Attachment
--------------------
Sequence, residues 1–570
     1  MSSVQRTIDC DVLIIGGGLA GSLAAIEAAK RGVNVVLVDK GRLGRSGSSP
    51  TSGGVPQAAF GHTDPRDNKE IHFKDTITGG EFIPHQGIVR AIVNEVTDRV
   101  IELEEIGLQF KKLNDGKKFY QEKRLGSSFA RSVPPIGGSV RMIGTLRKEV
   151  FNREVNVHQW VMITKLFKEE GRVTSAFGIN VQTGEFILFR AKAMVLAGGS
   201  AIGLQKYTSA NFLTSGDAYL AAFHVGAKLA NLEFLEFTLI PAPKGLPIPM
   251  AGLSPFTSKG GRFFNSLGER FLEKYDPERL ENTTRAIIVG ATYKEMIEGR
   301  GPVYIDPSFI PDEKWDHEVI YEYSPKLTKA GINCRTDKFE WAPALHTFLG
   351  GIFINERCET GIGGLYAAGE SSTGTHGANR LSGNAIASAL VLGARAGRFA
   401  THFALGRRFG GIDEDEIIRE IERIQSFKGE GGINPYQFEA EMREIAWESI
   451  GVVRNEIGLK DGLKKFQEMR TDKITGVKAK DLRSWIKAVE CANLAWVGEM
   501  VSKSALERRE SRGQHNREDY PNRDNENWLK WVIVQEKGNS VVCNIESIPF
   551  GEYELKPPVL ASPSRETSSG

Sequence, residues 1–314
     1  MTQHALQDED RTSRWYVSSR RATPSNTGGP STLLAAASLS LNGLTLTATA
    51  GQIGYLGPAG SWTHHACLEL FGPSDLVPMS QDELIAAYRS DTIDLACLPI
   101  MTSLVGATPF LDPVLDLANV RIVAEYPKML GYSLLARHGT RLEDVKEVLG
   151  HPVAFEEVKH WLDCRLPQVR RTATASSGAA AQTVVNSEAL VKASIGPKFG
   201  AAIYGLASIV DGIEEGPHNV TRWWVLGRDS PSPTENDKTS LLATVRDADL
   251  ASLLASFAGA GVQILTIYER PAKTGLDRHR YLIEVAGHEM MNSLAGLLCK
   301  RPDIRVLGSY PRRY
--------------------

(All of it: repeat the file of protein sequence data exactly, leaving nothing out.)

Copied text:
Sequence, residues 1–570
     1  MSSVQRTIDC DVLIIGGGLA GSLAAIEAAK RGVNVVLVDK GRLGRSGSSP
    51  TSGGVPQAAF GHTDPRDNKE IHFKDTITGG EFIPHQGIVR AIVNEVTDRV
   101  IELEEIGLQF KKLNDGKKFY QEKRLGSSFA RSVPPIGGSV RMIGTLRKEV
   151  FNREVNVHQW VMITKLFKEE GRVTSAFGIN VQTGEFILFR AKAMVLAGGS
   201  AIGLQKYTSA NFLTSGDAYL AAFHVGAKLA NLEFLEFTLI PAPKGLPIPM
   251  AGLSPFTSKG GRFFNSLGER FLEKYDPERL ENTTRAIIVG ATYKEMIEGR
   301  GPVYIDPSFI PDEKWDHEVI YEYSPKLTKA GINCRTDKFE WAPALHTFLG
   351  GIFINERCET GIGGLYAAGE SSTGTHGANR LSGNAIASAL VLGARAGRFA
   401  THFALGRRFG GIDEDEIIRE IERIQSFKGE GGINPYQFEA EMREIAWESI
   451  GVVRNEIGLK DGLKKFQEMR TDKITGVKAK DLRSWIKAVE CANLAWVGEM
   501  VSKSALERRE SRGQHNREDY PNRDNENWLK WVIVQEKGNS VVCNIESIPF
   551  GEYELKPPVL ASPSRETSSG

Sequence, residues 1–314
     1  MTQHALQDED RTSRWYVSSR RATPSNTGGP STLLAAASLS LNGLTLTATA
    51  GQIGYLGPAG SWTHHACLEL FGPSDLVPMS QDELIAAYRS DTIDLACLPI
   101  MTSLVGATPF LDPVLDLANV RIVAEYPKML GYSLLARHGT RLEDVKEVLG
   151  HPVAFEEVKH WLDCRLPQVR RTATASSGAA AQTVVNSEAL VKASIGPKFG
   201  AAIYGLASIV DGIEEGPHNV TRWWVLGRDS PSPTENDKTS LLATVRDADL
   251  ASLLASFAGA GVQILTIYER PAKTGLDRHR YLIEVAGHEM MNSLAGLLCK
   301  RPDIRVLGSY PRRY